“Someone’s listening at the door.” He said in a gravelly working class cockney as he reached for his guns.
“Put your triggers to bed Mr. Jagger. I’m expecting someone and if he has even half a brain, he’ll knock on my door right now unless he wants to be left alone in the company of you gentlemen.”
At this last statement, Helmut Faust had raised his voice so as not to be misunderstood by the person on the other side of the threshold. A moment passed followed by the insecure rapping of the expected visitor.
“Come.” Faust, ordered.
The door slowly swung open and a young guard timidly entered the room.
“Captain, said you wanted to see me sir.”
“I did, Mister…”
“Gassko, sir. Richard Gassko.”
Faust methodically roamed the room in silence. The boy shifted uneasily as he watched his mysterious employer’s circuit which came to a stop in front of the fire crackling furiously behind him.
“Mr. Gassko, you are new to our facility, arriving with the ship this past evening, did you not?”
“And what was your first official duty upon arriving?”
“Captain told me to deliver supper to the woman and her husband in the suite down the hall, sir.”
“Which you did. While in their company, did you speak to either of them?”
Richard Gassko, darted looks at Mr. Bowie and Mr. Jagger, before retuning his attention to Faust, who appeared as a silhouette from where he stood. A dark shadow on the face of the flame.
“Answer, truthful boy, because I already know the answers to all of these questions.”
“Yes, sir. I spoke with them. They had inquired as to the welfare of their boy.”
“And you told them what, Mr. Gassko?”
Young Richard Gassko lowered his head and averted his gaze from his inquisitor.
“I told them there was no boy on the ship…sir.”
“And that is all?”
“Very, good then boy.”
At this, a smile stretched across Helmut Faust’s face and his eyes softened in to a somewhat warmer shape. He crossed the room to the petrified Richard Gassko and put his arm around him.
“You never can be too sure of what is said around here and that is why we have the number one law in my facility, which is Say, Nothing. Unfortunately, even though your mistake is a rather harmless one, you still did break the law, which means I’m going to have to let you go.”
“B-but Sir, I-I truly said nothing else about…”
“Yes, I’m sure Gassko, but if I were to let you off then I would lose any credibility as a leader and authority figure and we just can’t have that. No, I’m going to have to ask you to go down and inform the Captain that you are to be released.”
Faust walked the boy to a tapestry at the left of the hearth and pulled it back revealing a hidden door.
“Take this staircase down below and turn in your security badge at the station across the courtyard, if you will.”
“Yes, sir. I do apologize for my mistake. I’ve never been sacked before.”
“Apology accepted, Gassko. Just be happy that you had not made a bigger infraction. In such a case, I would have had to leave you for Black Francis there to deal with.”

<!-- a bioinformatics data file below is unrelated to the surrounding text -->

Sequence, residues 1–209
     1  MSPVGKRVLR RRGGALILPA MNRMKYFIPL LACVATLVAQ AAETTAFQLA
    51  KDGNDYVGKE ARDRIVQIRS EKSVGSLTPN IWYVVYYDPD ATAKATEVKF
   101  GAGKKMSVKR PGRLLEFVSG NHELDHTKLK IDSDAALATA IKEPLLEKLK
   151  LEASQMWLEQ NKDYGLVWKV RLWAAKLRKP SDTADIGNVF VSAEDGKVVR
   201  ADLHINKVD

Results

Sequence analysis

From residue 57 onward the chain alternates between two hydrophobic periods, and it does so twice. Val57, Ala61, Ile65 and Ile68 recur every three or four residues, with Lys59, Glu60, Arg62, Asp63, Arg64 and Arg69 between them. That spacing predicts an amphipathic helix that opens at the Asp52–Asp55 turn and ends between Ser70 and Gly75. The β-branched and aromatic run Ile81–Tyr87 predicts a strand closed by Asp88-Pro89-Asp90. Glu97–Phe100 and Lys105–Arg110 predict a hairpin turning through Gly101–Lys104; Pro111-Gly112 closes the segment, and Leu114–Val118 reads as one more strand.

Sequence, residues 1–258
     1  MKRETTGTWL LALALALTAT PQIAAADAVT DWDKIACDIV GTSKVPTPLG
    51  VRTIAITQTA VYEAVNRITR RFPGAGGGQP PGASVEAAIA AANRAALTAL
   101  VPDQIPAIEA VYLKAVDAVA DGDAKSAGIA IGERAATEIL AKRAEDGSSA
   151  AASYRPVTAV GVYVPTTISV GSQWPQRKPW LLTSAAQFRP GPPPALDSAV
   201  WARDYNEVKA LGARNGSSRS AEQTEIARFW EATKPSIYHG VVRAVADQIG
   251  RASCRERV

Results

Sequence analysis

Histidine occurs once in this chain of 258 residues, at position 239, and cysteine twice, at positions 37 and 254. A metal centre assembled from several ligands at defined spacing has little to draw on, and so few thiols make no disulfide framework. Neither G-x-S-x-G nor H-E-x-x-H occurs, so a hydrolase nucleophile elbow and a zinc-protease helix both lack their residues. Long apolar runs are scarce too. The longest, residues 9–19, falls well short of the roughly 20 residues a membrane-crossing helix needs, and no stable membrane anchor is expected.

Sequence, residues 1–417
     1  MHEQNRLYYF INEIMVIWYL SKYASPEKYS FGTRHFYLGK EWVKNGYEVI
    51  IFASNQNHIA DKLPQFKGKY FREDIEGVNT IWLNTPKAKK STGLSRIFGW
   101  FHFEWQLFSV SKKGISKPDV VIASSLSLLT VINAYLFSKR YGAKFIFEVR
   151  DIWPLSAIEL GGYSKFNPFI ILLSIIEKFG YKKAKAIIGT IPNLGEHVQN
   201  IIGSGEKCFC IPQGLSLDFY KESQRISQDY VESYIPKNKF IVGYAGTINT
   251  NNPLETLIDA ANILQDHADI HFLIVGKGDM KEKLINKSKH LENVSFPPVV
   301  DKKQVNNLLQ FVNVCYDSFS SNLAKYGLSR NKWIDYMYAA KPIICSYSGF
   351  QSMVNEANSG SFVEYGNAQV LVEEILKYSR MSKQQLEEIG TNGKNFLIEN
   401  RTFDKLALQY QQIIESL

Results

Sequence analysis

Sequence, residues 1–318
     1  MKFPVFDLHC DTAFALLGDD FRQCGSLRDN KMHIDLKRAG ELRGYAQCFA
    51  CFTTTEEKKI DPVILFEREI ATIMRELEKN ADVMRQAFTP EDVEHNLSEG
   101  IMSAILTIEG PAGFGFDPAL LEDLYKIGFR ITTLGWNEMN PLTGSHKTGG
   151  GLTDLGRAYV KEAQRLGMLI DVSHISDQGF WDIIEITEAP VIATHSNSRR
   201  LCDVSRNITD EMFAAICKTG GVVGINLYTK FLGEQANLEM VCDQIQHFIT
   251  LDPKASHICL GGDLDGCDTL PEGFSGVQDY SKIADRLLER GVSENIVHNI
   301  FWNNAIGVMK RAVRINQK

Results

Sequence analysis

Helmut Faust gestured to a shadowy figure sitting in the corner next to the main entrance. The boy looked at Black Francis and got a sudden chill.
“Good luck in your next endeavor, Mr. Gassko.”
The boy opened the door and descended the winding staircase. Faust shut the door behind him and replaced the tapestry.
“I think you’re getting soft my dear boy. You should have given him to Franny. The man looks like he could use a bit of distraction from his all consuming sitting.”
“Mr. Bowie if you would kindly walk to the picture window and be sure that our boy finds his way through the courtyard safely…”
The pale sadist rose from his seat and looked out the window. The boy was just entering the courtyard three stories below. He crossed the field of snow slowly, with his head down holding his arms close to ward off the cold. He came to a sudden stop and looked all about him, searching for something which he could not seem to find. Mr. Bowie turned his head suspiciously to the side as a dog that had just been shown a carrot, but then his devilish smile began to creep up the sides of his face as he saw the snow stir at the base of the Southern wall. Richard Gassko jumped at the very same moment as he too noticed the movement of the two full grown Polar Bears rising to their feet. The boy searched all about the courtyard for some form of exit, but found none. The great snow beasts slowly padded around him, forcing Gassko back toward the wall.
“I underestimated you, Fausty.”
“I suggest you don’t do it again. That boy has cost me a grand piece of insurance that I can no longer hold over the heads of our guests. He’s lucky I only gave him to the bears.”Mr. Bowie returned his attention to the gruesome spectacle in the courtyard.
“So what happens now?”
“Now, I send you and your companion here on a new assignment. One which you should pray you do not botch.”
“We would never dream of such a thing my dear, but I daresay that polar bears strike no fear in either me or my distinguished and dusty colleague, Faustus.”
“Oh, I would never be so kind as to inflict my pets on you sir. No, my friend, if you mess this up, then Black Francis may have something to distract him yet.”
“No need to get malicious, my dear. What’ll you have us do now.”
“You are off to Berlin my boys.”
“Oh, That’s just lovely. They’re not all like you out there, are they?”
“Pack your things gentlemen. You leave within the hour.”